FX-Dollar falls for 6 days in a row as Fed signals rate-hike pause
FX-Dollar falls for 6 days in a row as Fed signals rate-hike pause

The US dollar headed for its longest losing streak in 30 months on Thursday, March 24 after the Federal Reserve sounded close to calling time on interest rate hikes, while the Swiss franc edged higher after the central bank pushed ahead with another hike.

In contrast, the Swiss currency crept higher as the central bank continued with another hike.

The Fed increased its benchmark funds rate by 25 basis points as anticipated, but instead of stating that "ongoing increases" are required, it stated that "some additional" hikes may be necessary as it monitors how the economy is affected by banks' shaky trust. In contrast to Europe, where markets anticipate an additional 50 basis points of tightening, futures indicate a roughly 50% possibility of one more quarter-point increase.

The gap has driven the euro to a seven-week high of $1.0930 and upward movement for six consecutive sessions. According to Brian Daingerfield, head of G10 FX strategy at NatWest Markets, the Fed's change in stance makes it less likely that the markets would begin to fear that rising rates will result from positive economic data.

This "argues for additional dollar depreciation from a foreign exchange standpoint, as the ceiling for the Fed cycle has obviously gone down."  said Brian Daingerfield. The dollar index, which compares the value of the dollar to six important rival currencies, is currently down 0.2%, on pace to see its sixth consecutive day of declines, the longest such run since September 2021.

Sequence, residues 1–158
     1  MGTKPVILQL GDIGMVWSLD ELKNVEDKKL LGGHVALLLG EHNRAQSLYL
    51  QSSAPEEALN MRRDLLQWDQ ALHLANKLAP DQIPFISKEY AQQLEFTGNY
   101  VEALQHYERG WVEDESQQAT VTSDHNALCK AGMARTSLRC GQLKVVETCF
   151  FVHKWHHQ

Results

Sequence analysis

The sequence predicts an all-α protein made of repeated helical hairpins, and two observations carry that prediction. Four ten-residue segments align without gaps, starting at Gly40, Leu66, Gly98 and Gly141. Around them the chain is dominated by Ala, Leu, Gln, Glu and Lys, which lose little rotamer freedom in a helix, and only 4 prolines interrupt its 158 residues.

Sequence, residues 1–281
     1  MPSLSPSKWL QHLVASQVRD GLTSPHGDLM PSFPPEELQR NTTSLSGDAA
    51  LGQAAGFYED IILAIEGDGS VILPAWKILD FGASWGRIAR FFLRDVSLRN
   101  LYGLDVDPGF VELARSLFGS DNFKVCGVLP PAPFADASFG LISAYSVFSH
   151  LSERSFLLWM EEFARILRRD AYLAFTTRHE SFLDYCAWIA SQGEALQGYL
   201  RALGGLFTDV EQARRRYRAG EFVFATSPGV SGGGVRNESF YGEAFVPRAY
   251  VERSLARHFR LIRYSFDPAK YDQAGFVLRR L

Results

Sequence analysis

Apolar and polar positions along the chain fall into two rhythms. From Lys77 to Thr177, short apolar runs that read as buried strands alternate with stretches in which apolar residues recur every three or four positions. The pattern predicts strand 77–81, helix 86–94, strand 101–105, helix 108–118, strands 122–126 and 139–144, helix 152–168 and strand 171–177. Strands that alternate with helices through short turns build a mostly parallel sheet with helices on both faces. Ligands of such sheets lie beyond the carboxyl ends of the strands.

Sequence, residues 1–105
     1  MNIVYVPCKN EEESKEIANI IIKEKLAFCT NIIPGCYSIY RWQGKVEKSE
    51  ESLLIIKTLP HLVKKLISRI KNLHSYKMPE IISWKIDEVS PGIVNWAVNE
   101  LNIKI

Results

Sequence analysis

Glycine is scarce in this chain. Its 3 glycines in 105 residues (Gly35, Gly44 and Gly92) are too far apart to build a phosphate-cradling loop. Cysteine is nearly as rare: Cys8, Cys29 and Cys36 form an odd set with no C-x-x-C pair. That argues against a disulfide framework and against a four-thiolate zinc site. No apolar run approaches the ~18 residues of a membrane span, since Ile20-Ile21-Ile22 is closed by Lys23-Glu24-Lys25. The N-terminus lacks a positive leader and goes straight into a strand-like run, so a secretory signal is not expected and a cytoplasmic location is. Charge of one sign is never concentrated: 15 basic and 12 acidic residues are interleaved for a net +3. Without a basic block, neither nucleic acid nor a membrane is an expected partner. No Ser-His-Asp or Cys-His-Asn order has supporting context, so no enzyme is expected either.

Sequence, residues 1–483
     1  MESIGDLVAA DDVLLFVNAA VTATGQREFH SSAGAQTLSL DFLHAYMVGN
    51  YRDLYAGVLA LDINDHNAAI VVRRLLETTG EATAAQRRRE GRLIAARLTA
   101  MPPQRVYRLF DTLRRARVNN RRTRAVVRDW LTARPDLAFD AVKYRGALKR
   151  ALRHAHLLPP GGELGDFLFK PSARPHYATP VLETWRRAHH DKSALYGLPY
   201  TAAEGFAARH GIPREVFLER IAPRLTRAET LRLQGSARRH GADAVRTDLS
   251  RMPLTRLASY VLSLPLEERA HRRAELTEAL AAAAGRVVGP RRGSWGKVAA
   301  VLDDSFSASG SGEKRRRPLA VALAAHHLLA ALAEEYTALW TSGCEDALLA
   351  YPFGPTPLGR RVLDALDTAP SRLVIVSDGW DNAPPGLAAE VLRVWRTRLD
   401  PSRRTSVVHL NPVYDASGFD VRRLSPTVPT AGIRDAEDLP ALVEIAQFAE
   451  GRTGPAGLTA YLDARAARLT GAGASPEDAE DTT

The Swiss National Bank increased its policy rate by 50 basis points while reiterating its willingness to participate in the foreign currency market as it sought to strike a balance between combating inflation and worries about the state of the financial markets. The SNB added that actions taken in response to Credit Suisse that were announced by authorities over the weekend had "put a stop to the situation."

Following the verdict, the franc gained and last traded at 0.9155 against the dollar, up 0.2%. According to Kirstine Kundby-Nielsen, FX analyst at Danske Bank, "We're seeing a stronger franc, not only because of the boost, but also because they basically declared they put a stop to the turmoil in the banking sector."

With news of a shocking increase in British inflation on Wednesday, which brought it to 10.4% and put pressure on the Bank of England to hike rates and sound hawkish at its meeting later that day, sterling likewise remained close to a seven-week high. Markets have already factored in the BoE's 25-bp increase.

After the Norges Bank increased its interest rate by 25 basis points to 3% and indicated that an increase in May was anticipated, the Norwegian crown gained value relative to the euro and the dollar. The Australian dollar increased 0.6%, while the New Zealand dollar increased 0.9%. After hitting a six-week low of 130.41 earlier in the day, the dollar/yen, which closely tracks U.S. rates, dropped 0.3%.

U.S. Treasury two-year rates decreased by 2 basis points (bps), continuing a Wednesday decline of roughly 20 bps. Following a run on Silicon Valley Bank two weeks ago and the abrupt demise of Credit Suisse, financial markets have been shaken by waning confidence in banks worldwide.

The main focus of attention on the banking front is currently on regional institutions in the United States, where concern over a contagion run on deposits is still high. Smaller lenders said they found some solace in comments made by U.S. Treasury Secretary Janet Yellen that deposit insurance would be taken into consideration if there was a risk of contagion, as reported by Fed Chair Jerome Powell. Deposit flows have stabilised over the past week, said Jerome Powell.

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